'Gamebreaker' shatters sports podcast stereotypes

Mar 9, 2018

When Anders Kelto listened to sports podcasts, what he usually heard was a couple of guys sitting around bantering with each other.

“There was no good audio sports journalism in the world, at least that I had been exposed to,” he says.

Anders is changing that. Today, the Traverse City native is out with his own podcast —it’s a sports documentary series.


There’s been a lot of sports film documentaries made over the years. Think about “Hoop Dreams," the story of a couple of teenagers growing up in inner-city Chicago and their dreams of playing professional basketball. More recently, ESPN Films has come out with popular sports documentaries called the "30 for 30" series. 

But what Anders noticed was no one was doing anything like that in the audio world — and that gave him an idea.

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“I wanted to find stories with a theme that is much bigger than just athletic competition," he explains. "And those themes are built into sports, you just don’t always see them. And they aren’t always extracted by sports talk radio or sports podcasts.”

Anders convinced Audible to carry a new audio sports documentary series called “Gamebreaker with Keith Olbermann”.

Olbermann acts as a host, setting up each episode before handing it off to a reporter. Anders is the executive producer of the series and reports in five of the stories. 

One of the episodes is about a former soccer star named Josh Anderson, who played at Brown University. One day, Josh quit and no one seemed to know why.

Anders tracked him down and discovered the reason Josh quit soccer was because he struggled with bipolar disorder.

“I felt like I was going into a darker space," Josh says in the episode. "I kept coming back to this feeling of inadequacy and not knowing how to get past it.”

Mental health is just one of the cultural conversations Anders hopes "Gamebreaker" will engage listeners in.



“Mental health is a taboo issue in America and the world, and we wanted to use a great sports story built around this athlete to kind of break down that taboo and understand … what is the experience of someone struggling with bipolar disorder when they’re an athlete?" says Anders. "What does his story reveal about how we as a society view mental illness? And sports is just one of many ways you can tackle a big issue like that.”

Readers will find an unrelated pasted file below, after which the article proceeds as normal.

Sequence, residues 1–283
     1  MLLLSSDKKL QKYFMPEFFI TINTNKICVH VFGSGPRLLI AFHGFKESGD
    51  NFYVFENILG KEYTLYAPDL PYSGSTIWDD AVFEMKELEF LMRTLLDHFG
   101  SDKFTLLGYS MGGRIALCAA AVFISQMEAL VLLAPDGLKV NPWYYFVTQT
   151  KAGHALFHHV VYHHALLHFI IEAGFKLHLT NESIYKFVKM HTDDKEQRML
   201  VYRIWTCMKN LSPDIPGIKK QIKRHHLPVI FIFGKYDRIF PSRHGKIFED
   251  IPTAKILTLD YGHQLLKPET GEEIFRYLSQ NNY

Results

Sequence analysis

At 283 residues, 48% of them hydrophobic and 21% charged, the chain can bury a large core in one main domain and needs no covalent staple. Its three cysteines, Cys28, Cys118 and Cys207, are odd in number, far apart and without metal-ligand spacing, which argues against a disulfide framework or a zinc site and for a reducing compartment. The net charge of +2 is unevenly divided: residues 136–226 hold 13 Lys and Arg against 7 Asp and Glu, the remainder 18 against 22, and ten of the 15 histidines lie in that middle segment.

Anders Kelto grew up in Traverse City and he still comes to the area to host a youth soccer camp in the summers. He played soccer professionally before a heart condition ended his career. Then he got into journalism and did some health reporting for NPR. Anders says "Gamebreaker" is a fusion of his two passions.

“The idea was, for me personally, to marry my two career paths,” he says.

The first season of "Gamebreaker" features all sorts of different sports.

In one episode we hear about Anthony Ervin, a swimmer who used some really unconventional training to win the 50 meter freestyle race at the 2016 Olympics. Anthony was 35 years old and became the oldest swimmer to win an individual gold medal.

In another episode, we hear the story of John Scott, a retired NHL hockey player who now lives in Traverse City. John is 6 feet 8 inches tall and he eventually became an enforcer, someone who fights players from the other team. Enforcers weren’t the best skaters or scorers, but were basically on the team to protect teammates, and intimidate opponents.

“In 2008, when John Scott first joined the NHL, there were a lot of enforcers in the league," Anders explains in the episode. "But by 2016, there were almost none. During that time, John bounced around, playing for six different NHL teams, and ending up in Arizona. And even though he hadn’t set out to be an enforcer, he was one of the last members of this dying breed.”

That’s when things take a really weird twist in the episode — you’ll have to listen to hear what happened.

Anders Kelto is really picky about the stories he chooses for "Gamebreaker". He says his team of producers scours over obscure sports blogs, old magazines and books from the library.

And that’s because they want to tell more than just a cliche sports story aimed at sports junkies.

“I think what we’re doing that allows us to cross over into the mainstream is that we find these powerful human dramas, these narratives that are bigger than just sports,” he says.


“Gamebreaker with Keith Olbermann” is a new sports audio series that is now available exclusively from Audible.